Nonfiction > Henry Craik, ed. > English Prose > Vol. III. Seventeenth Century
Henry Craik, ed.  English Prose.  1916.
Vol. III. Seventeenth Century
The Deluge
By Thomas Burnet (1635?–1715)
From The Sacred Theory of the Earth

THUS the flood came to its height; and ’tis not easy to represent to ourselves this strange scene of things, when the Deluge was in its fury and extremity; when the earth was broken and swallowed up in the abyss, whose raging waters rose higher than the mountains, and filled the air with broken waves, with an universal mist and with thick darkness, so as nature seemed to be in a second chaos; and upon this chaos rid the distressed ark, that bore the small remains of mankind. No sea was ever so tumultuous as this, nor is there anything in present nature to be compared with the disorder of these waters: all the poetry, and all the hyperboles that are used in the description of storms and raging seas were literally true in this if not beneath it.
  The ark was really carried to the tops of the highest mountains, and into the places of the clouds, and thrown down again into the deepest gulfs; and to this very state of the Deluge and of the ark, which was a type of the Church of this world, David seems to have alluded in the name of the Church (Ps. xlii. 7). Abyss calls upon abyss at the noise of thy cataracts or water-spouts; all thy waves and billows have gone over me. It was no doubt an extraordinary and miraculous providence that could make a vessel so ill manned live upon such a sea; that kept it from being dashed against the hills, or overwhelmed in the deeps. That abyss which had devoured and swallowed up whole forests of woods, cities, and provinces, nay the whole earth, when it had conquered all could not destroy this ship.  2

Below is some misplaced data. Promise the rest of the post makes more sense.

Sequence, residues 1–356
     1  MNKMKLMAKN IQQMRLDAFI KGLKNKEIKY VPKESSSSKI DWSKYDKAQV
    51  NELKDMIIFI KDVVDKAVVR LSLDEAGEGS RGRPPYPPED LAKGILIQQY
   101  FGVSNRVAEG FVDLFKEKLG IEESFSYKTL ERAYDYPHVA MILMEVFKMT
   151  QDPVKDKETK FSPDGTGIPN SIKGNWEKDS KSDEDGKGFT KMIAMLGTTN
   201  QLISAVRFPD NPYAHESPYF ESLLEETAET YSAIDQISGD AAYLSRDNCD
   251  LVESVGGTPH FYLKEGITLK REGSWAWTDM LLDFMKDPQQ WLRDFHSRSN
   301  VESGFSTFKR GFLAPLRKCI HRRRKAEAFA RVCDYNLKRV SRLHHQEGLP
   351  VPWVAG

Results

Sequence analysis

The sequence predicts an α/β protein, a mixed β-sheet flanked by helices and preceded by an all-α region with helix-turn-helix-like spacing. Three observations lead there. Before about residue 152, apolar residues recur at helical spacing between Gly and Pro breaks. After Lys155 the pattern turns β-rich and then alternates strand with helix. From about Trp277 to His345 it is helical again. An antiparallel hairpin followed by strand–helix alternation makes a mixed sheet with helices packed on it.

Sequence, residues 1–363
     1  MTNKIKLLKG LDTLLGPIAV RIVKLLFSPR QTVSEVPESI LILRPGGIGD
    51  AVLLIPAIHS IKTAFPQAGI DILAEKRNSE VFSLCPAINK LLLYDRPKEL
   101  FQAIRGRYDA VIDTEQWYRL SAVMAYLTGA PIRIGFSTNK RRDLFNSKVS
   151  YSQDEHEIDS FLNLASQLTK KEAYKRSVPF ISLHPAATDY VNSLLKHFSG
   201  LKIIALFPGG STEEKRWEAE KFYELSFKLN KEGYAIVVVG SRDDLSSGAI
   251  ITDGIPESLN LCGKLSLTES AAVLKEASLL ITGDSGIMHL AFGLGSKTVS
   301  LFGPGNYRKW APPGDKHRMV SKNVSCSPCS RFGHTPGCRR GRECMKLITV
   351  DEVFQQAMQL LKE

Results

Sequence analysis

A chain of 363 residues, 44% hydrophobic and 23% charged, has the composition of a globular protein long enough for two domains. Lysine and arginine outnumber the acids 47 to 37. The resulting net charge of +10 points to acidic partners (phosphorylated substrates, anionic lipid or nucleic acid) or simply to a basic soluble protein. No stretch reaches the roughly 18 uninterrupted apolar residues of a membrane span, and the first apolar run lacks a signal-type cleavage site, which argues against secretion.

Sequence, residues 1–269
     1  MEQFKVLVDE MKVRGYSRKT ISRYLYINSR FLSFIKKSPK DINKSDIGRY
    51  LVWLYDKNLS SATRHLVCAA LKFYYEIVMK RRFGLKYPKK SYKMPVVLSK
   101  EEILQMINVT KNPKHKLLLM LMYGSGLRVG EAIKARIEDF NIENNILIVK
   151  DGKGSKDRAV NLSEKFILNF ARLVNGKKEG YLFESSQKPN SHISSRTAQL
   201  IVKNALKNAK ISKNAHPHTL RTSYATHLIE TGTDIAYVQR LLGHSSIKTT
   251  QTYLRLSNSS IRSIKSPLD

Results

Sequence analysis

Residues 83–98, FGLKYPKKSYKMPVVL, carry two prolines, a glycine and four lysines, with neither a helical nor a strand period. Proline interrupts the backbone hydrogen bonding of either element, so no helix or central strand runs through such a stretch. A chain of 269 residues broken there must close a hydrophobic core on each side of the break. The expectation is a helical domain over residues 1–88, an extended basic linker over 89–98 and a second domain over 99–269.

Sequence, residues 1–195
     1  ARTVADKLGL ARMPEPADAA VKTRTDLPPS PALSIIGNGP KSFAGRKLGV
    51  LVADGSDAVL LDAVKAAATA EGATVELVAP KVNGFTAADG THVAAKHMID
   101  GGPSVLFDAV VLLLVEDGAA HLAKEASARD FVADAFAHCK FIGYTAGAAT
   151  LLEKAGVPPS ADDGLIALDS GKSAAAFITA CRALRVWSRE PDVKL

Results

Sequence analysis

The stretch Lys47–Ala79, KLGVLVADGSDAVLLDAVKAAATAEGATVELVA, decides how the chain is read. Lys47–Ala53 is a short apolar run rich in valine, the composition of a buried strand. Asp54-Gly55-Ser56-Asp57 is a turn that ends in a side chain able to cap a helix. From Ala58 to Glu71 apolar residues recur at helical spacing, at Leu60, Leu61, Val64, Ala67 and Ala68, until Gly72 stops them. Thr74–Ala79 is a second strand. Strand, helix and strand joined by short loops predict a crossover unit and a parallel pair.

I remember, in the story of the Argonautics (Dion. Argonaut., l. 1. v. 47), when Jason set out to fetch the golden fleece, the poet saith, all the gods looked down from heaven that day to view the ship; and the nymphs stood upon the mountain tops to see the noble youth of Thessaly pulling at the oars; we may with more reason suppose the good angels to have looked down upon this ship of Noah’s; and that not out of curiosity, as idle spectators, but with a passionate concern for its safety and deliverance. A ship, whose cargo was no less than a whole world; that carried the fortune and hopes of all posterity, and if this had perished, the earth for anything we know had been nothing but a desert, a great ruin, a dead heap of rubbish, from the deluge to the conflagration. But death and hell, the grave and destruction have their bounds. We may entertain ourselves with the consideration of the face of the deluge, and of the broken and drowned earth, in this scheme, with the floating ark, and the guardian angels.  3

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